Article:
Last weekend, J and I went to the Museum of Fine Arts to see an exhibit of Michelangelo’s drawings and to wander the museum’s Art of the Americas wing. As we passed from the “old” to “new” wings of the MFA, we passed through the Shapiro Family Courtyard, where we saw hundreds of hand-sewn flags made by quilters around the world in response to the Boston Marathon bombings: a cheery installation aptly named “To Boston With Love.”
It’s funny how the Shapiro Family Courtyard has evolved over the years since the “new” wing of the MFA opened in 2010. At first, the courtyard seemed like a looming and cold expanse–an empty and impersonal space to be endured as you passed from one half of the museum to the other–but then the addition of Dale Chihuly’s “Lime Green Icicle Tower” in 2011 gave the space both focus and warmth, like planting a big, towering tree in your backyard to liven up the space.
The Shapiro Courtyard has come to feel like a backyard–Boston’s backyard–with a constant stream of patrons dining at the New American Cafe and an ever-shifting array of temporary exhibits brightening it. The hand-sewn squares of “To Boston With Love” underscore this homey feel, looking like laundry hung to dry between high-rise tenement apartments or colorful Tibetan prayer flags flapping in a lively Himalayan village.
Although I would have never dreamed of crisscrossing the Shapiro Family Courtyard with either laundry or prayer flags, the result is aesthetically delightful, creating a simultaneously cozy and cosmopolitan space where both neighbors and nations can congregate and find community.
In addition to the handiwork of “To Boston With Love,” J and I saw three visiting masterpieces from New York City’s Metropolitan Museum of Art: “Northeaster” by Winslow Homer; “Lachrymae” by Frederic, Lord Leighton; and “The Monet Family in Their Garden at Argenteuil” by Edouard Manet.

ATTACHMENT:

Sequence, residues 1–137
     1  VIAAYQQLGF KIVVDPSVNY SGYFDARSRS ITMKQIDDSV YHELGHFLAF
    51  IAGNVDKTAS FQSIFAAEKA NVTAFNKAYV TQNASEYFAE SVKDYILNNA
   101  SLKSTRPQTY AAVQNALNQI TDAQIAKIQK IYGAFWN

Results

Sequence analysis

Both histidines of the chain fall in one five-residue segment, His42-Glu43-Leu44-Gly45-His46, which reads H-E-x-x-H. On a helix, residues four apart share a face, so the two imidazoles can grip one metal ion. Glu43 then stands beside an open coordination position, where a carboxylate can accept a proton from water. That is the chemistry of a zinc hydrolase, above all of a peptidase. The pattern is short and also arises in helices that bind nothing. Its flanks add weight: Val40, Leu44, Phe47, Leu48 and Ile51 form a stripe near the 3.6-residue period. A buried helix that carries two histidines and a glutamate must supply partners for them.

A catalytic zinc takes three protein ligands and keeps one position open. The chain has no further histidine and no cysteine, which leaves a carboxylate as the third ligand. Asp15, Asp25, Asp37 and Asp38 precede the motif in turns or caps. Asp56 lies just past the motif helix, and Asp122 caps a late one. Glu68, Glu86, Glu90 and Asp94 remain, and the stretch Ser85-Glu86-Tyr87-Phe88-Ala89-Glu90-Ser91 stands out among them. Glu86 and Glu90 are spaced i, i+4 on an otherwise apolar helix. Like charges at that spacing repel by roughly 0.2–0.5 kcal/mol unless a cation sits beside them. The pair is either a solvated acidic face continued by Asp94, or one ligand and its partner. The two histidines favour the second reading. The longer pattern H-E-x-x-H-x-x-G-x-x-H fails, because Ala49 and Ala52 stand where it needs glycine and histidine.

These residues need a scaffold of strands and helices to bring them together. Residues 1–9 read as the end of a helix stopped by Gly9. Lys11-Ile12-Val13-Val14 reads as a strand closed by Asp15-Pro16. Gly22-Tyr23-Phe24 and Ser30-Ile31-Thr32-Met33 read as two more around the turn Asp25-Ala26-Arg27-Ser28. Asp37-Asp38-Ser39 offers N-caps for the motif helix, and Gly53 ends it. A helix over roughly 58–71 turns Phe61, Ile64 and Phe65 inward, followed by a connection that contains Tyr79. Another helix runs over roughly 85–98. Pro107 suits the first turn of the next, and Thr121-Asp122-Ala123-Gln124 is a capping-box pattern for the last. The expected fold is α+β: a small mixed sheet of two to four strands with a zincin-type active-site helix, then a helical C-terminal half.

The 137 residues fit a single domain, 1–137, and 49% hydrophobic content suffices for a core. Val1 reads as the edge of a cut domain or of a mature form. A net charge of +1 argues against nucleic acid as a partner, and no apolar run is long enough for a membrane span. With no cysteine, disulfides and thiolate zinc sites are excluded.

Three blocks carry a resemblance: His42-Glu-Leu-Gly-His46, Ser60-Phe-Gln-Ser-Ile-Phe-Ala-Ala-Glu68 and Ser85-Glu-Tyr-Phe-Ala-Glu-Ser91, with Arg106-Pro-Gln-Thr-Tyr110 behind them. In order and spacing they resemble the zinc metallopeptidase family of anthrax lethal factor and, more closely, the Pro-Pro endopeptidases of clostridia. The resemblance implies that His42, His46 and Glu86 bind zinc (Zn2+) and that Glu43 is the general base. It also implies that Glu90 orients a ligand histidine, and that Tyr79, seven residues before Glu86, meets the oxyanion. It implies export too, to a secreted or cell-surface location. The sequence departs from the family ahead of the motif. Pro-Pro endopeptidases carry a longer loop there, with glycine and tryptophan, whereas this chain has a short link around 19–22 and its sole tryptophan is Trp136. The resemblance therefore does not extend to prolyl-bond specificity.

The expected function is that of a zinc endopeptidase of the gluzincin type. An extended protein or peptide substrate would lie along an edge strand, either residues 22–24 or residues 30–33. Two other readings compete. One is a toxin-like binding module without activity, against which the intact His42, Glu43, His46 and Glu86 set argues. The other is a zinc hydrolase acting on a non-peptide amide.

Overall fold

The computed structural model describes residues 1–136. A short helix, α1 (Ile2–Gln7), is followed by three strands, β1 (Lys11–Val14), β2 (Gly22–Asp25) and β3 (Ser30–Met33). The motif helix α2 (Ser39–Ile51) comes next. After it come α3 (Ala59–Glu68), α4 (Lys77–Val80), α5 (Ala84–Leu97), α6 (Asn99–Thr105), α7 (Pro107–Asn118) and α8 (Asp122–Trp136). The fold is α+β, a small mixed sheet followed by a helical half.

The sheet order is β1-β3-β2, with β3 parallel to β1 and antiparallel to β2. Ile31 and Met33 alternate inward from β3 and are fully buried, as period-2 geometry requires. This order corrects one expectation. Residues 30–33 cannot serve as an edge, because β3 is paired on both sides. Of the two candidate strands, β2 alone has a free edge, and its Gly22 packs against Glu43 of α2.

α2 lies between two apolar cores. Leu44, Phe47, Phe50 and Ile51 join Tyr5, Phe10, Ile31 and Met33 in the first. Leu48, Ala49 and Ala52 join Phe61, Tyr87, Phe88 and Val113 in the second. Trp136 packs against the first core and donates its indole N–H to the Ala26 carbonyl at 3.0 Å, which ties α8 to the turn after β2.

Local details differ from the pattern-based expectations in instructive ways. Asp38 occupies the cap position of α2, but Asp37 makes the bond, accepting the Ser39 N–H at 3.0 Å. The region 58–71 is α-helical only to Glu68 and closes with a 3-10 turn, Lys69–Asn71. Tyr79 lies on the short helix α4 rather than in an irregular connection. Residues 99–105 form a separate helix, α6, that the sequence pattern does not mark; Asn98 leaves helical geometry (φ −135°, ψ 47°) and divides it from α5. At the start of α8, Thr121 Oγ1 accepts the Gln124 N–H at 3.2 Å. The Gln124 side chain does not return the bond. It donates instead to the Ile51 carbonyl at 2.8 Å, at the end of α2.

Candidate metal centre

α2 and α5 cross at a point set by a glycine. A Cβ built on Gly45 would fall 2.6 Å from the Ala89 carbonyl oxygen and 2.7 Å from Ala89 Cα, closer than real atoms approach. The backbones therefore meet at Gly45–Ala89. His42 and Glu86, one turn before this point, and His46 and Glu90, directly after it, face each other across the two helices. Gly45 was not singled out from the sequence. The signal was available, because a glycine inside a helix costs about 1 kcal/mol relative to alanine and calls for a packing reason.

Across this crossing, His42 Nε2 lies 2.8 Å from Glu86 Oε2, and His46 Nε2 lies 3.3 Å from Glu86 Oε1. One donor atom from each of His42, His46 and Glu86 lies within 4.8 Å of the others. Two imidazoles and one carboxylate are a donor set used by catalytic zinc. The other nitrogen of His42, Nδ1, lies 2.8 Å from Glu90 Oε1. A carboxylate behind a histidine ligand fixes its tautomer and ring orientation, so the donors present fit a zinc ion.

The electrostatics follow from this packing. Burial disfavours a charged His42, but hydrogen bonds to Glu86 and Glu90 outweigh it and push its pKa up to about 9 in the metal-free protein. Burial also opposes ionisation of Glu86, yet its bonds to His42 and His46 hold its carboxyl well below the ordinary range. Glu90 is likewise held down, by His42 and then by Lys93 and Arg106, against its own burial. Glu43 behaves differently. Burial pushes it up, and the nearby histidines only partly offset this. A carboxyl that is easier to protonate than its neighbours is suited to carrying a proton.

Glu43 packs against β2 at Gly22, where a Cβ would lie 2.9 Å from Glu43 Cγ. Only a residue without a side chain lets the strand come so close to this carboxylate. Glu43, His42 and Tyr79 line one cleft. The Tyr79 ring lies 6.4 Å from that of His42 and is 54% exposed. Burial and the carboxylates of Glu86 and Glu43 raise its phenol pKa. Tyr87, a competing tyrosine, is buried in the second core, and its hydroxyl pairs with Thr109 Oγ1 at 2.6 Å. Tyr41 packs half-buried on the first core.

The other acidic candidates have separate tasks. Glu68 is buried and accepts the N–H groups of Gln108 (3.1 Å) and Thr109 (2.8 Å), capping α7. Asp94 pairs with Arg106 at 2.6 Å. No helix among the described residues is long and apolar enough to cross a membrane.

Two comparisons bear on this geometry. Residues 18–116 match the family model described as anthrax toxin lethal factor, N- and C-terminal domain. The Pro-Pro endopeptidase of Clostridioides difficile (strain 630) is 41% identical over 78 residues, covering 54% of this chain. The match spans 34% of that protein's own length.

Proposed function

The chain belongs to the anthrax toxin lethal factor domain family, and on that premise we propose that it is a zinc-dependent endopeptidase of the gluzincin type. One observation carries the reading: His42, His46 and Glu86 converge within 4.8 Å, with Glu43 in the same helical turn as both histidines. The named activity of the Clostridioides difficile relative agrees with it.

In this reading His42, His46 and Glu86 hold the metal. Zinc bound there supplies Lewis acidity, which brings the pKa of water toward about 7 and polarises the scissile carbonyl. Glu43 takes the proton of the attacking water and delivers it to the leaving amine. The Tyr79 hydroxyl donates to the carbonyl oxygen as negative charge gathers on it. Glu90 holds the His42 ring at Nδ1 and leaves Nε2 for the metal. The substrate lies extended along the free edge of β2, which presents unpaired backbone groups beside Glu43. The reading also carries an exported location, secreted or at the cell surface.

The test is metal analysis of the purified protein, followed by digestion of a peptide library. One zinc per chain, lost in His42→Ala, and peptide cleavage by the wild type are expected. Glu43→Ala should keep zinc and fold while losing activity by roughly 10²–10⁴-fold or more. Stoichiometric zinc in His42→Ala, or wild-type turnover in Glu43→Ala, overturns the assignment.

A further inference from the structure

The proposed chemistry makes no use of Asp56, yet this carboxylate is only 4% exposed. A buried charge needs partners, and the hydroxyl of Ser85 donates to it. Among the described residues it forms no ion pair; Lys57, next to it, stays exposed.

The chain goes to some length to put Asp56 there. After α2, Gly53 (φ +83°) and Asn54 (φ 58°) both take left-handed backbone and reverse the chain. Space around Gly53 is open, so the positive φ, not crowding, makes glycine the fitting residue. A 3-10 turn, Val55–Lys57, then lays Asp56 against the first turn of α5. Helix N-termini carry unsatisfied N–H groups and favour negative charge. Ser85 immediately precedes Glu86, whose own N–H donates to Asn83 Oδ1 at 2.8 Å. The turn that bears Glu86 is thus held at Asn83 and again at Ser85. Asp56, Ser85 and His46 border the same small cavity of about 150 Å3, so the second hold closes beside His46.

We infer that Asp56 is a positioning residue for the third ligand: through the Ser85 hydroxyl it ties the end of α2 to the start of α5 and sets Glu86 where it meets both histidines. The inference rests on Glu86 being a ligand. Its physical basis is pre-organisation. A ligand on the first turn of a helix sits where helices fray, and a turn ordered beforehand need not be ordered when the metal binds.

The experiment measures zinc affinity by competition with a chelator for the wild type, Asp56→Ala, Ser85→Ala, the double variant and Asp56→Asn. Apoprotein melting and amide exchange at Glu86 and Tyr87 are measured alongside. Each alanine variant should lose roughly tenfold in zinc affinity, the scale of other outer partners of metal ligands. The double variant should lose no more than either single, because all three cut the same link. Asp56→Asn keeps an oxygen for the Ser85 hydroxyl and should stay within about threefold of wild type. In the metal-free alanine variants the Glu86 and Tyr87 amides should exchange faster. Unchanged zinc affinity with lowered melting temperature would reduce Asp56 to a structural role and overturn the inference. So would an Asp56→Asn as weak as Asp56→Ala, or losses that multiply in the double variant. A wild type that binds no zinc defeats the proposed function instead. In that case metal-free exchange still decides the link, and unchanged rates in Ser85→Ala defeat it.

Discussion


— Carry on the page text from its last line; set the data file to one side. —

Like the humble, hand-sewn flags of “To Boston With Love,” these three paintings were send to the MFA as a goodwill offering in the aftermath of the Marathon bombings. A tribute from the people of New York to the people of Boston, these three paintings were handpicked to either complement Boston’s permanent collection (Homer, Manet) or speak to the mood of grief that hung over the city in the immediate aftermath of the tragedy (Leighton).
Visiting a museum is one way of figuring out your place in the world: given the creative endeavors of the ages, what contribution might you add, here and now? When quilters and museum curators heard of the Boston Marathon bombings, they had the automatic human response, wondering “What can I do to help,” and the automatic answer to this question, it turns out, is “Send what’s close to hand.”
Museums are a great civic asset: not merely receptacles of tangible treasures, but places to see and be seen as you mingle with other museum-goers from near and far. Individually, few of us can afford to own a priceless masterpiece; collectively, though, we share a space where that wealth is openly enjoyed.
Both the Metropolitan Museum and quilters from around the world shared their treasures with Boston during her darkest hour, and I for one would like to return the compliment by sending warm greetings and gratitude from Boston, with love.
The drawings of Michelangelo: Sacred and Profane will be on exhibit through June 30, and both “To Boston With Love” and the three visiting masterpieces from the Met will remain on view through July 7. If you can’t make it to Boston, click here to view my photos from last weekend’s visit to the MFA: enjoy!